Phoenix 2: Successful testing by Thales

Thales has suc­cess­ful­ly com­plet­ed the test­ing of new deploy­ment sce­nar­ios for com­bat iden­ti­fi­ca­tion and safe fir­ing sys­tems in the frame­work of field tests car­ried out at the Mourmel­on camp (Marne depart­ment of France) for the Phoenix 2 upstream study pro­gram (PEA) of the French Defence Pro­cure­ment Agency (DGA). The objec­tive of Phoenix 2 is to pro­vide the armed forces with effi­cient respons­es that are both quick to imple­ment and cost-effec­tive, and it con­tributes to the devel­op­ment of cur­rent and future land force programs. 

Phoenix 2 upstream study program (PEA)
Source: Thales

Recent events in the­atres of oper­a­tions have demon­strat­ed that there are still too many blue and blue fires. It is vital to be able to iden­ti­fy on the ground ele­ments belong­ing to your own unit or sec­tion, as well as those of friendly/hostile forces in the frame­work of inter-ally or inter-armed forces operations. 

A par­tic­u­lar objec­tive of the Phoenix 2 tests, which took place between Octo­ber 1 — 7, 2010 at Mourmel­on, was to eval­u­ate the tech­ni­cal solu­tions enabling “friend­ly” sit­u­a­tion sta­tus exchanges between ground units or with air­crafts. This infor­ma­tion should help lim­it the num­ber of blue and blue fires and col­lat­er­al dam­age, be forces con­ven­tion­al, spe­cial, air force or navy. 

The Phoenix 2 tests have made it pos­si­ble to val­i­date the tech­no­log­i­cal enhance­ments pro­posed by Thales, in the light of feed­back pro­vid­ed by the armed forces on the ground. The Thales solu­tions — Blue Force Track­ing (BFT), Reverse IFF, SATURN secure com­mu­ni­ca­tions and Data-Link 16 — have thus been able to demon­strate their oper­a­tional capability. 

The first tests were focused on the Blue Force Track­ing (BFT) solu­tion devel­oped by Thales. This solu­tion, which inte­grates the PR4GSOTAS com­mu­ni­ca­tion and ser­vices sys­tem pair­ing, allows all plat­forms on the ground to com­mu­ni­cate their posi­tions on the move and in real-time. The BFT ser­vice from Thales, based on the IP stan­dard, also offers the pos­si­bil­i­ty of instant­ly shar­ing the gath­ered data with allies. This ser­vice not only makes it pos­si­ble to have a more accu­rate view of the tac­ti­cal sit­u­a­tion, but also to accel­er­ate the deci­sion­mak­ing cycle and ensure the safe­ty of direct shoot­ing and support.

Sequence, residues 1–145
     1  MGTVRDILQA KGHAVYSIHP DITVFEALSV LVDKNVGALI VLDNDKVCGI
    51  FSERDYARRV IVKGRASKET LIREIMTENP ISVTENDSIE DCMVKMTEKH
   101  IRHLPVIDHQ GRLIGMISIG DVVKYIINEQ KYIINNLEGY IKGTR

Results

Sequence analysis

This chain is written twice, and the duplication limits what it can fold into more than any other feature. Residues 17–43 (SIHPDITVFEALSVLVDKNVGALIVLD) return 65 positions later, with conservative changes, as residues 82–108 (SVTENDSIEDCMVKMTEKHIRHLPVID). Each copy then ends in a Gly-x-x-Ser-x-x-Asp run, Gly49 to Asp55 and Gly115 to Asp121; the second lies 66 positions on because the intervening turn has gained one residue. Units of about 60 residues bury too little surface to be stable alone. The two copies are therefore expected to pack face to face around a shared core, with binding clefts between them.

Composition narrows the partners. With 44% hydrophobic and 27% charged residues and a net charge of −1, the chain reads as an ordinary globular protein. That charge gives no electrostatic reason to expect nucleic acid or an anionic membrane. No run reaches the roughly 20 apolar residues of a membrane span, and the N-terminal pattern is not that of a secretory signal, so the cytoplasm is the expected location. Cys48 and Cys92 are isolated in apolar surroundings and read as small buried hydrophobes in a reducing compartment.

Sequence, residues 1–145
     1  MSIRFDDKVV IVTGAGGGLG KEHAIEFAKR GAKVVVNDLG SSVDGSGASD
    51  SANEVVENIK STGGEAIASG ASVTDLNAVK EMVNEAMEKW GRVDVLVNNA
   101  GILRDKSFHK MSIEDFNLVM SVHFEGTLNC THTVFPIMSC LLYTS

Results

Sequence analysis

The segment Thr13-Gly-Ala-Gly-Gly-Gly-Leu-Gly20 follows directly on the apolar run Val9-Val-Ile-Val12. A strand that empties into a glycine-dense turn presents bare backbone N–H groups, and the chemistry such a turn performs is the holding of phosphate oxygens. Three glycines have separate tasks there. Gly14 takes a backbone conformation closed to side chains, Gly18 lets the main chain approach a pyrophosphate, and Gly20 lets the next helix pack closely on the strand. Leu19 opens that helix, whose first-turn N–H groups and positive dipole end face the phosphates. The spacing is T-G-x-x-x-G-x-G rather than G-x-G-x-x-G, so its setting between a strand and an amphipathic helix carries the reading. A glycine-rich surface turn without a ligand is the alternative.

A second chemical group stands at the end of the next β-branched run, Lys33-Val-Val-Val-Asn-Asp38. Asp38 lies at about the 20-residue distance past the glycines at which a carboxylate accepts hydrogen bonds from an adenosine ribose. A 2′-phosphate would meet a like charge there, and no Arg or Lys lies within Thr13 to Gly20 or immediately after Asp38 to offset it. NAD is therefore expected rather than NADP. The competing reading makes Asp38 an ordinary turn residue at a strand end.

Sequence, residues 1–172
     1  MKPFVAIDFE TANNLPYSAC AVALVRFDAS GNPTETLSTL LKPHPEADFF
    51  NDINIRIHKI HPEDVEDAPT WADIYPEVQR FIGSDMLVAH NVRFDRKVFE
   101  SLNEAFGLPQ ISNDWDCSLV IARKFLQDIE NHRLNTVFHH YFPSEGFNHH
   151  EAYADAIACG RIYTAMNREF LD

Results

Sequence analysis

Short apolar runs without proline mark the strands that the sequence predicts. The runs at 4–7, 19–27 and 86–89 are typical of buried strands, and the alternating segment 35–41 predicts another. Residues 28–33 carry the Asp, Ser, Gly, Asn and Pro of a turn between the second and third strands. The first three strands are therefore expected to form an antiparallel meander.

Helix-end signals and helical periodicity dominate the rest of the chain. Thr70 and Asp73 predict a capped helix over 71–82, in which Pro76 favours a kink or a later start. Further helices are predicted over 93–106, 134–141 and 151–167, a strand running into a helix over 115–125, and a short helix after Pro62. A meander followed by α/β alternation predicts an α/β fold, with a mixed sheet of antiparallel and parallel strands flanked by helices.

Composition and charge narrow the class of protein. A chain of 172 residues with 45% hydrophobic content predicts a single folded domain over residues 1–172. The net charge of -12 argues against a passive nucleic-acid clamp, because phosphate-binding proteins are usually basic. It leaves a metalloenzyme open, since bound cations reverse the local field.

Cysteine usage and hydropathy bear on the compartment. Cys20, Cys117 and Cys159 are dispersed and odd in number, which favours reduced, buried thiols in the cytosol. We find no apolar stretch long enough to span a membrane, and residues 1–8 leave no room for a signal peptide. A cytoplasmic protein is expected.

The sec­ond batch of tests exam­ined the con­tri­bu­tion of air-to-ground iden­ti­fi­ca­tion tech­nolo­gies in the con­text of close air sup­port. To this end, Thales deployed, with the sup­port of the French Air Force, Spe­cial Forces and the French Army, its Reverse IFF along with SATURN secure com­mu­ni­ca­tions (TRA 6030 trans­ceiv­er) and Link 16 voice com­mu­ni­ca­tions and data exchange between sup­port air­craft and coor­di­na­tors on the ground (Com­mand & Con­trol Cen­tre, For­ward Air Con­troller, etc.). 

Reverse IFF, cur­rent­ly under­go­ing stan­dard­i­s­a­tion with NATO, responds to the coop­er­a­tive iden­ti­fi­ca­tion needs of France and the NATO coun­tries for close air sup­port oper­a­tions. Thanks to its sur­ro­gate capac­i­ty (response via sub­sti­tu­tion), it can link up with a ground posi­tion report­ing sys­tem in order to trans­mit the local tac­ti­cal sit­u­a­tion. With con­nec­tion to local tac­ti­cal net­works (BTID and RBSA net­works) hav­ing already been suc­cess­ful­ly demon­strat­ed in the inter­na­tion­al “Bold Quest” exer­cis­es, Thales took advan­tage of the Phoenix 2 test­ing to match up Reverse IFF with the BFT ser­vice. In this way, Thales has been able to demon­strate the oper­a­tional util­i­ty of this tech­nol­o­gy for avoid­ing air-to-ground­friend­ly fire inci­dents. Phoenix test­ing: prime oppor­tu­ni­ties for exchange between the indus­try and the armed forces 

Orga­nized by Thales, Sagem Défense Sécu­rité and the DGA for the ben­e­fit of the French Army, the Phoenix 2 PEA pro­gram draws on feed­back from the forces in the field with the pur­pose of sig­nif­i­cant­ly enhanc­ing the com­bat sys­tems of the French Army by means of rapid and acces­si­ble tech­no­log­i­cal improve­ments. The pre­vi­ous edi­tions of Phoenix have enabled exper­i­men­ta­tion with the sys­tems and equip­ments envis­aged for the army of the future in the frame­work of a Con­cept, Devel­op­ment & Exper­i­men­ta­tion (CD&E) approach, and to learn lessons about the coor­di­na­tion of sen­sors, tac­ti­cal com­mu­ni­ca­tions needs and how to con­duct tac­ti­cal situations. 

The results of the Phoenix test­ing pro­vide deci­sion-mak­ing aid to sup­ple­ment cur­rent stud­ies on how the mil­i­tary needs of future land forces are to be expressed. 


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